Of all the lights that ever burned too bright, Jeff Buckley was wired one of the hottest. Haunted by his legendary folk-rock father and his own artistic demons, the silver-tongued, angel-voiced poet shook the national music scene in 1994 with a freshman album that pitted him as one of the most promising musicians of his day. Called
Grace, this 10-track journey into the gorgeously layered landscapes of Buckley's mind demonstrates his skill as a songwriter and power as a vocalist. His range goes from deep, bold tenor to one of the purist falsettos in the business, and especially on ballads like "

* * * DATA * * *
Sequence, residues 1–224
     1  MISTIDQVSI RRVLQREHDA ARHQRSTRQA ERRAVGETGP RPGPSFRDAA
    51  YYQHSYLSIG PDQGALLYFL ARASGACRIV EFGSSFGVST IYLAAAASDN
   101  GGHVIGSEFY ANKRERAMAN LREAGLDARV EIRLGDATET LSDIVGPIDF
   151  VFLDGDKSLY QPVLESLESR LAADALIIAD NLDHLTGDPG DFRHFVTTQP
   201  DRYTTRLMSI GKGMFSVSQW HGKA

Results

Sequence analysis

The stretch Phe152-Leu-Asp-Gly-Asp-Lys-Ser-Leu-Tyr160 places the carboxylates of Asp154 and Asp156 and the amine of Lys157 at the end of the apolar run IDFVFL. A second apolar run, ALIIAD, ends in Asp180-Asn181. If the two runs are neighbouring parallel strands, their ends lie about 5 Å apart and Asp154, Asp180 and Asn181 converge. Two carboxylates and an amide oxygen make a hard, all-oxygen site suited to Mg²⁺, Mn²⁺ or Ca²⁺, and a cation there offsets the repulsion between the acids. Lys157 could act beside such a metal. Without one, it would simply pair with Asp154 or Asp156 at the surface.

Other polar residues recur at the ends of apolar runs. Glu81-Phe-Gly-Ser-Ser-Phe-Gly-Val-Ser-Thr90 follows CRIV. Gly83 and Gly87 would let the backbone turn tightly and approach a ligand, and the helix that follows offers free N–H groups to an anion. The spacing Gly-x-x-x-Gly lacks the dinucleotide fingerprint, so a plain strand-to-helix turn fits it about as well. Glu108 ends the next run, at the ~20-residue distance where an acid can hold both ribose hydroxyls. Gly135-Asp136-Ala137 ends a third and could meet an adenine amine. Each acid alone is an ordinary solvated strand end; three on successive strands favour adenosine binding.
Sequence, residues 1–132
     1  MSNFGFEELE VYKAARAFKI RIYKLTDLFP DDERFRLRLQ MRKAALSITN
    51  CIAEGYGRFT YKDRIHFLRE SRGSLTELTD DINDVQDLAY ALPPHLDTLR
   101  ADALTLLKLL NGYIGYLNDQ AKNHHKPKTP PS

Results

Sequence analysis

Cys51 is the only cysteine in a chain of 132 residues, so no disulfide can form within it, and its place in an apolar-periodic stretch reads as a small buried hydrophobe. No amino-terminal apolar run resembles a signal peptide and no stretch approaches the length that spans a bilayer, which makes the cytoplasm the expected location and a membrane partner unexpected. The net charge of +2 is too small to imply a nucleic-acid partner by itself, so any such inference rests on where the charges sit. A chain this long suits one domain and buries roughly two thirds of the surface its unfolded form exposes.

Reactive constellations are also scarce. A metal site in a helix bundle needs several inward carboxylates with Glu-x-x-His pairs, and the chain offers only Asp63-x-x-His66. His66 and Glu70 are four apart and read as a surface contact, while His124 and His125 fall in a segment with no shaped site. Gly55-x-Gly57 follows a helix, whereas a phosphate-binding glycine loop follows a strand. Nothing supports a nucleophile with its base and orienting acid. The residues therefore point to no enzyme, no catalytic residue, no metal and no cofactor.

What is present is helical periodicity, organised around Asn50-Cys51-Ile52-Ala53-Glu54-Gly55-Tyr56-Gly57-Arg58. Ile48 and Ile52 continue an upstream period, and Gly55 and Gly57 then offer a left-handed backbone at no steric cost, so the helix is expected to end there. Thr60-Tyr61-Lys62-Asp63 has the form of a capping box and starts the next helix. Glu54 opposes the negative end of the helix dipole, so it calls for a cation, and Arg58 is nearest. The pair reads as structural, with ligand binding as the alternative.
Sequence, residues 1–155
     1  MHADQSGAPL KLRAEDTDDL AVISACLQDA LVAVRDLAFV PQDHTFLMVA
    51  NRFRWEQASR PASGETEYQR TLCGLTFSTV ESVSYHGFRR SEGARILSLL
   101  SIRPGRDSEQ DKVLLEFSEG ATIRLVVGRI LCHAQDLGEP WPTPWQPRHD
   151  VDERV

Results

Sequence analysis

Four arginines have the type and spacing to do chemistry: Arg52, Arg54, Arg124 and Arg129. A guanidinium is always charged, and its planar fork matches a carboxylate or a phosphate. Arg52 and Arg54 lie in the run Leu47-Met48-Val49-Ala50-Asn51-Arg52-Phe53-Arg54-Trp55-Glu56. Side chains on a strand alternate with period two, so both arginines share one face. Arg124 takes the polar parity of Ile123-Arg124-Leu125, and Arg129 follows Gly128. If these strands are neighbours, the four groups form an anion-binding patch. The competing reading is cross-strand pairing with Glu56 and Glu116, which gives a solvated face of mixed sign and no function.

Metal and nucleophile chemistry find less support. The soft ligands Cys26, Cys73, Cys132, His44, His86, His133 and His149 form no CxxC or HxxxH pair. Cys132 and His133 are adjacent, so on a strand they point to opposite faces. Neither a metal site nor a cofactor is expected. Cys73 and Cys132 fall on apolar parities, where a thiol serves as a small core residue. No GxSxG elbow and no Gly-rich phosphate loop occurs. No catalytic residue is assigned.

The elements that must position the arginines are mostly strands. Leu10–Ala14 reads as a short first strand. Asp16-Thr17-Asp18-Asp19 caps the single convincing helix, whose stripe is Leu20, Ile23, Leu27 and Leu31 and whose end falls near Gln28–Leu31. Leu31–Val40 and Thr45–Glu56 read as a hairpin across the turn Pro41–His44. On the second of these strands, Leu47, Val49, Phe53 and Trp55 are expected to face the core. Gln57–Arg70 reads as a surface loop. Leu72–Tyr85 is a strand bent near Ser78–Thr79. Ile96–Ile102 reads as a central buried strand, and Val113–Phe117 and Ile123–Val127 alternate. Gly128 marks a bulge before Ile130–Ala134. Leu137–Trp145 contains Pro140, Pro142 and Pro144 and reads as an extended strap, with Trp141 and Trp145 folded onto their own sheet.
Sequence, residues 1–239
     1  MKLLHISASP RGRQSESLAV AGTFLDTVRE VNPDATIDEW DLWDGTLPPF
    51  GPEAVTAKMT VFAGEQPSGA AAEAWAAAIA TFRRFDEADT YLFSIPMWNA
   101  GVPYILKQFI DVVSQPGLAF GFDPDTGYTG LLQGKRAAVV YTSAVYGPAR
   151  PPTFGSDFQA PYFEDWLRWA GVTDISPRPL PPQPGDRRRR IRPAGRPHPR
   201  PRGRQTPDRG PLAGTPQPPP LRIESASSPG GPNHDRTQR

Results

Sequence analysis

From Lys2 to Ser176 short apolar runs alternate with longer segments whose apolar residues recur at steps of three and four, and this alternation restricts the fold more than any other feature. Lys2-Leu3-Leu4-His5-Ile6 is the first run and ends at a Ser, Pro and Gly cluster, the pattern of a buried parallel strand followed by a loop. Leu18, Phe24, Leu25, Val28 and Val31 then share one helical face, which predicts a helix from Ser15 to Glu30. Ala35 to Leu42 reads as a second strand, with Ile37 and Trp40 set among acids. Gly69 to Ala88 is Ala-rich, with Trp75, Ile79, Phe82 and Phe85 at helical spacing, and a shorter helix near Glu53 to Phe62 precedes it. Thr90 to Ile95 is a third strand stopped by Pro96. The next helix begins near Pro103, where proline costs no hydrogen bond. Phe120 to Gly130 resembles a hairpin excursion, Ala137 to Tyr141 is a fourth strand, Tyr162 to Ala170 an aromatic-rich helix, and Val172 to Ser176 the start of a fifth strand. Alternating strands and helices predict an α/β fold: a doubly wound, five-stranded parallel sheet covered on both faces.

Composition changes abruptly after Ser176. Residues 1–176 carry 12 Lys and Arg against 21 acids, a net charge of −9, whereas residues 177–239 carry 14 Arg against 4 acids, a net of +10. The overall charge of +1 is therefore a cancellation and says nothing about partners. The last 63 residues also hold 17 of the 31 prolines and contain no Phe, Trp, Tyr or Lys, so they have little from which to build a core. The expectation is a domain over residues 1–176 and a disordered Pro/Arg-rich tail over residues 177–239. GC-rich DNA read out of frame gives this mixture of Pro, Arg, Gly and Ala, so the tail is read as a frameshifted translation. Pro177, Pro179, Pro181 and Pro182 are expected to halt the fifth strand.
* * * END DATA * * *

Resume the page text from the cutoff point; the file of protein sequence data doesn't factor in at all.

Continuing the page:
Corpus Christi Carol," Buckley's incredible voice quality is unearthly--a trembling, meandering life form that drips like warm honey. His death came as a shock not only to friends and family, but also to fans who hoped his sophomore album would infuse the rock industry with some much needed soul. He sang with the kind of raw melancholy, wonder and rage that made artists like Janis Joplin, Jim Morrison and his own father, Tim Buckley so hypnotic. And like them, he died before his time, leaving behind only a few bootlegs and one completed album. He was last seen on the evening of May 29, 1998 floating on his back fully clothed in the Mississippi River, singing a tune to the open sky. The image remains a fitting epitaph for all that might have been.